Fast & Furious presents: Hobbs & Shaw (2019) – Charming cast, but not much interesting for them to do
Shazam! (2019) – A corny comic book adventure that deviates from traditional playbook with a “Big” inspired hook.
Superman/Shazam!: the return of Black Adam (2010) – Not worth watching.
Doctor Sleep: Director’s Cut (2019) – Interesting premise. The story really moves, perhaps jamming too much in. Like other King properties it has a problematic finish.
The Fast and the Furious * (2001) – The melodramatic start to the franchise with a thousand sequels feels oddly fresh and unique 20 years later.
2 Fast 2 Furious (2003) – Tyrese is a revelation in this mostly repetitive sequel.
Fast & Furious (2009) – meh. Not worth watching.
Fast Five (2011) – The perfect amount of nostalgia, mixed with a heist and ridiculousness.
The Tomorrow War (2021) – if you can buy Chris Pratt as a scientist, then I have the movie for you!
The Fast and The Furious: Tokyo Drift (2006) – A boring relic that’s only redeeming quality is the introduction of the Han character.
Boys n the Hood (1991) – Ice Cube and Laurence Fishburne are magnetic figures in this sometimes-hokey melodrama.
Married to the Mob (1988) – Aa screwball rom-com that moves quickly and is unlike anything I’ve ever seen (which is good and bad).
Black Widow (2021) – An entertaining contained story that is very funny and not overloaded with CGI.
No Sudden Move (2021) – this mobster/heist movie moves along at an enjoyable clip with snappy dialogue, but the fish eye lens for parts of the movie is disorientating and interesting.
Furious Seven (2015) – the movie moves away from a mildly compelling subplot in exchange for a dumb MacGuffin. The filming accommodations due to the death of Paul Walker are sometimes clunky, but emotionally resonant at the end.
The Fate of the Furious (2017) – Meh.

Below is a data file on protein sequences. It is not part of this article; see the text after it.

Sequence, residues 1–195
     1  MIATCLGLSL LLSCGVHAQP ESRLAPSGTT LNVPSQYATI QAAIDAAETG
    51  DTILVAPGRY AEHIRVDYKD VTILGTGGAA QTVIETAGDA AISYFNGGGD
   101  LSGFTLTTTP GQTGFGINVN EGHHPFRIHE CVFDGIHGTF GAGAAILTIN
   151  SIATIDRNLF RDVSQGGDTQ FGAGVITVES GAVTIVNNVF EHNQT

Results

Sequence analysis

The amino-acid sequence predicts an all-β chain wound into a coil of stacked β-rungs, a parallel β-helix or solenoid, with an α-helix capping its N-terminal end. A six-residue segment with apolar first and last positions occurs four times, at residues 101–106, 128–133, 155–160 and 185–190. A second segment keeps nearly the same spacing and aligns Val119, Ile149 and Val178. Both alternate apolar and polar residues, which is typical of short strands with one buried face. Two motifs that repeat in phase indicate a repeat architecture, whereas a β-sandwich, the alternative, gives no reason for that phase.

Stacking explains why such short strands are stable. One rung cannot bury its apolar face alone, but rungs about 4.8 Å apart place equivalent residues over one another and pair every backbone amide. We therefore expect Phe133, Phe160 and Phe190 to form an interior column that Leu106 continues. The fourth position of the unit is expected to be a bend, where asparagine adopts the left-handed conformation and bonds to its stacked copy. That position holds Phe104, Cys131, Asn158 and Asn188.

The Suicide Squad (2021) – Enjoyed myself until the over-the-top final sequence. It’s one of the better DC films.
The Courier (2021) – Benedict Cumberbatch is very appealing as a civilian spy during the Cold War in this adult thriller.
F9 (2021) – aside from a ludicrous trip into outer space and Charlize Theron’s cameo, the most recent installment of this over-the-top adventure series takes itself too seriously, is emotionally underwhelming and can be skipped.
Many Saints of Newark (2021) – An enjoyable mobster movie that is elevated with fantastic references to the original characters (and some that are too much).
Freaky (2020) – A hilarious send up of teen horror films with great performances by Vince Vaughn and Kathryn Newton.
No Time to Die (2021) – Few bright spots in this overly-long final installment of the Daniel Craig run as Bond, which also has a lackluster big bad.
Dune (2021) – Pretty to look at, but feels like a long – not fleshed out – prologue for another story.
Shang Chi and the Legend of the 10 rings (2021) – A charming street-level comic book movie until the stakes and set pieces escalate.
King Richard (2021) – A heartwarming underdog story that could have benefited from a miniseries format that provided these compelling figures the depth they deserve.
The Matrix * (1999) – Still visually appealing and interested after more than two decades.
Matrix Resurrections (2021) – The fourth (and final?) installment in the series relies too heavily on nostalgia, it doesn’t look good and the pot deviates between incomprehensible and uninteresting. There is a meta commentary to be made about The Matrix and its sequels, but this isn’t it.